Weekend at Cape Coast

We travelled a couple of hours west of Accra to meet up with another pair of coaches, Anthony and Derek.  They were in a community a couple of hours north called Swedru.  We met in the Cape Coast area and stayed in a community called Elmina.  It is now primarily a fishing village but has a number of beach resorts in the area.  http://en.wikipedia.org/wiki/Elmina

There are a couple of UNESCO World Heritage sites at Cape Coast and Elmina that are castles/forts built in the mid 1400’s as trading posts by the Portuguese.  Ghana had resources that were desired by the Europeans, Gold, spices, and other commodities.  The Portuguese wanted to compete with the Arab world that was seeking the same trade.  Unfortunately, one of the commodities was human, in the form of slave labour.  The tours focused on the long history of the slave trade and the horrific conditions that were endured over the long history of that trade.  The castles are known as the slave castles.  Portuguese built the castles and operated them for a couple of hundred years. The Dutch fought and overtook them at one point and then the British took control.  Slavery was banned in the early years of 1800 and the trade ended in 1837.  It was identified that outside of the trade of slave labour to Europe, the Caribbean, South America and America,  Africa has been the source of slave labour for thousands of years back to Roman times.

It was very sobering to stand in a holding cell, that held hundreds of prisoners for weeks or months at a time and hear the fact, that if they had not survived their bodies were simply tossed into the sea. If they survived, they were loaded onto a ship and sent to be traded or auctioned like livestock.  They called the doors out of the castles to the ships as the door of no return.

On a brighter note, we also visited the Kakum National Forest.  The forest had a Canopy tour and a forest tour.  We paid the entry fee and met our guide that shared his knowledge of the environment.

A fear of heights would be a big challenge for the canopy tour.  Suspended cables approximately 100 feet off the forest floor created a suspended walkway from tree to tree.  Total length of the 6 or 7 spans was 350 meters.  The photos don’t really give a sense of the height off of the ground and in some cases, the trees towered above the walkways.  Picture two steel cables that are strung between the trees and some ropes that tied a netting material that holds a 12 inch wide aluminum ladder with a plank of lumber as the walkway.  It is that 12 inch wide at your feet and about 3 feet wide at shoulder height at the top of the netting.  That is the walkway suspended about a 100 feet off of the forest floor.  Must be safe,  designed by two Canadians from Vancouver who are mountaineers.  Inspected every six months to ensure safety,  they told us this after we had paid and climbed up the mountain to the start of the canopy tour.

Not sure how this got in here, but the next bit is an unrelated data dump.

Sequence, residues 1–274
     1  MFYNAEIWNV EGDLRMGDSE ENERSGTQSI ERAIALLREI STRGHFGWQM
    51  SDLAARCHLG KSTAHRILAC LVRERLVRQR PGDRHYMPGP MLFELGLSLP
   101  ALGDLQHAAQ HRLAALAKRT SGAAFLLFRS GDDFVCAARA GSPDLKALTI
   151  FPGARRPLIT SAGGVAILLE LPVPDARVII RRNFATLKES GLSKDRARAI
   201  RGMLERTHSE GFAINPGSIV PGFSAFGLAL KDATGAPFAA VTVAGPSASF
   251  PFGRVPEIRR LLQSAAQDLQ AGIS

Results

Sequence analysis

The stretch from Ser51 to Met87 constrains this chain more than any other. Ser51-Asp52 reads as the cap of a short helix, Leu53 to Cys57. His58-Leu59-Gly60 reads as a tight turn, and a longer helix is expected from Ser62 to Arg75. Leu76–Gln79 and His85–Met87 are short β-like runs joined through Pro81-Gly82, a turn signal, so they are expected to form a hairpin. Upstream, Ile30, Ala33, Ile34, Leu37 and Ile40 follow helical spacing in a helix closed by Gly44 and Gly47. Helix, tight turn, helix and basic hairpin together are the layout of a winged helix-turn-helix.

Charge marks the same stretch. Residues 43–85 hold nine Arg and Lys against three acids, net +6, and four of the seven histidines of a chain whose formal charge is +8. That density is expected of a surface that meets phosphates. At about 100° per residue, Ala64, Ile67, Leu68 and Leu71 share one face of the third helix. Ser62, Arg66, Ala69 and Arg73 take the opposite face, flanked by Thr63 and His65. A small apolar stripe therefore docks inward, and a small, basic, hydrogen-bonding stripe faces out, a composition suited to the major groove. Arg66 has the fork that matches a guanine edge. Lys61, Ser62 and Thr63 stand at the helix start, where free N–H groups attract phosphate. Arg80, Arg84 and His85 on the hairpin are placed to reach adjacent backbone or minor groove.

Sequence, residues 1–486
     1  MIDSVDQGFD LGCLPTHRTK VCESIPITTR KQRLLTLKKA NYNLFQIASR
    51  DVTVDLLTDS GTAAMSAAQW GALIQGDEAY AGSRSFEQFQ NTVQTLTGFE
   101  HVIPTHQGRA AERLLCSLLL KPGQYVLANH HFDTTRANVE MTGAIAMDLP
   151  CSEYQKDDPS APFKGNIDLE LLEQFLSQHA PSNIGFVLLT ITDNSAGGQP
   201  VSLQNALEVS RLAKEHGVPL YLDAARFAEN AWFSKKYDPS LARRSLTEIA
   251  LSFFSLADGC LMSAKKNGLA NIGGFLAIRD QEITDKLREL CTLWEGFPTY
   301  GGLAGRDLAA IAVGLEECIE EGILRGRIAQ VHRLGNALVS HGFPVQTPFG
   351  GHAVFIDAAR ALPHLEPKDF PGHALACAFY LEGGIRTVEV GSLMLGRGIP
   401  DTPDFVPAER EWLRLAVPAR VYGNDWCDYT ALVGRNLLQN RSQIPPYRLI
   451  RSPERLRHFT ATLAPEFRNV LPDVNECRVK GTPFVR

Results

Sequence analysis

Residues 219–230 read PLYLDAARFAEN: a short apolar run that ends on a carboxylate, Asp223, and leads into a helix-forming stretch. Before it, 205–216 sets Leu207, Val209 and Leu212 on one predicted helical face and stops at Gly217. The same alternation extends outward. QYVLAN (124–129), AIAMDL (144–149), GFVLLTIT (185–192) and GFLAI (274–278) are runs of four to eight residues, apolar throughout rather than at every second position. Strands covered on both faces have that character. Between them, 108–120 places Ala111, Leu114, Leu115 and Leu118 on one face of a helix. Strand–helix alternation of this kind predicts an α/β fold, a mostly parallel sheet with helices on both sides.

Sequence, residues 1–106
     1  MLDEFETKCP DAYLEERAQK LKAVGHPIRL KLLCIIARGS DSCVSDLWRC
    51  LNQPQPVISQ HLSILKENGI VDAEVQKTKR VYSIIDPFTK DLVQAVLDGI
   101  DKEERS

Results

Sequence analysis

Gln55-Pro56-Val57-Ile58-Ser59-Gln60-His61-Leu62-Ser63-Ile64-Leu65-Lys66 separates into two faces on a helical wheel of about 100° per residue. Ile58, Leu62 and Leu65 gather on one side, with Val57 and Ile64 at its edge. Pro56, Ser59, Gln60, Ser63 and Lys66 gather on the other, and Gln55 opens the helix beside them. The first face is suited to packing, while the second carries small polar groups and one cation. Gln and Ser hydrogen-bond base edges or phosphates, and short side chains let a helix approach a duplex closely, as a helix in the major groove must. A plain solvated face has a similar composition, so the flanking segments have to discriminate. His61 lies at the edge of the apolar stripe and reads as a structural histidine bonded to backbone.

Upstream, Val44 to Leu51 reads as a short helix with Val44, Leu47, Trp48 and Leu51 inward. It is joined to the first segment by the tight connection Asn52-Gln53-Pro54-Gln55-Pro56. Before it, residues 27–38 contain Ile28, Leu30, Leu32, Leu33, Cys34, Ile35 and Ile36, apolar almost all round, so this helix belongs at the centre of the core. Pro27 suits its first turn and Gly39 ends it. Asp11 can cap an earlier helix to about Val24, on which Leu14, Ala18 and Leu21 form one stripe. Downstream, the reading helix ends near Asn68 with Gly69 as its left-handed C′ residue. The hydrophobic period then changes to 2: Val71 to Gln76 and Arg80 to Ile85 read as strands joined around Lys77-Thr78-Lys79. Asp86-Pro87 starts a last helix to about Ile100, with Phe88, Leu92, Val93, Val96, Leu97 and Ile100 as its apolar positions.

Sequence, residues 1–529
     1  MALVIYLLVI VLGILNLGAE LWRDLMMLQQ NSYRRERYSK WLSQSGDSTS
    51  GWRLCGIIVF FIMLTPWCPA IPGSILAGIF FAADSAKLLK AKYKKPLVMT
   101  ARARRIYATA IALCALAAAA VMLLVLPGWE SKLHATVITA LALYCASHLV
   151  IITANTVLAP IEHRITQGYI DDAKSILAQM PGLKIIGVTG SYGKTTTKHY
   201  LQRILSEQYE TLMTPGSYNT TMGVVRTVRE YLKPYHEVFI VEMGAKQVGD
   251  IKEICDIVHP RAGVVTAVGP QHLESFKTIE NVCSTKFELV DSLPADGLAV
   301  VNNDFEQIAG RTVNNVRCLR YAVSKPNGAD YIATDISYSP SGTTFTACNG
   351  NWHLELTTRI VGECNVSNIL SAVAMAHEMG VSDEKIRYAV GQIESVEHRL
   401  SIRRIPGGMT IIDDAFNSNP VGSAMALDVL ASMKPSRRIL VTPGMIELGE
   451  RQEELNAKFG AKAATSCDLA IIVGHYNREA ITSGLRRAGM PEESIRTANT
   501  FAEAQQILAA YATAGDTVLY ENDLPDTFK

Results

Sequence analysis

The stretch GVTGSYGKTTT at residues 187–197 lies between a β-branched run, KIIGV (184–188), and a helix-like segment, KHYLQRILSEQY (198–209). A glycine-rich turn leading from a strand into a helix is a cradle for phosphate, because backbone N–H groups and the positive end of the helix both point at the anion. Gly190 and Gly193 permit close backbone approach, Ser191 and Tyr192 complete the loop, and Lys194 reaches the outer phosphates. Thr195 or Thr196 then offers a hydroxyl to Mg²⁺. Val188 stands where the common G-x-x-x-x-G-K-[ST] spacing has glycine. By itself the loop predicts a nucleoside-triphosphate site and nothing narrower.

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After the canopy tour, the guide took us through the forest and talked about the cultural significance of the forest and history of the use of the various trees and vines for practical, not so practical and medicinal purposes.  It was fascinating to see, touch and hear his explanations.  He was kind of scary in that he identified a couple of plants that could be used to kill an enemy. A single press of a fingernail into the sap of a vine could be passed to the lip of a glass of water or cup of tea and when drank by an enemy, it would kill that person.  Then there were leaves of plants that masked the smell of a decaying body.  Kill someone and hide the evidence, like I said he was a little scary.

Sunday after lunch, we split up and made our way back to Accra with our driver, Bright.  Anthony and Derek headed to Swedru with their driver, Moses. Along the highway, it is not uncommon for the Ghanaian Police service to have checkstops and randomly check drivers for licenses.  We got stopped.  Bright had a minor issue with his driver’s license and was going to be given a ticket for Gh¢50 and told he had to come back to court the next day to pay his fine.  He argued that that was too much.  After some arm waiving and discussion, the “fine” was set at Gh¢20 and we were on our way and the ticket was ripped up.

Three and a half hours (150 kms) Gene and I checked back into the Paloma Hotel in Accra and started the work we needed to do for preparing our report for the board of directors at Medina Credit Union.

We will visit that group tomorrow and present our findings and recommendation.

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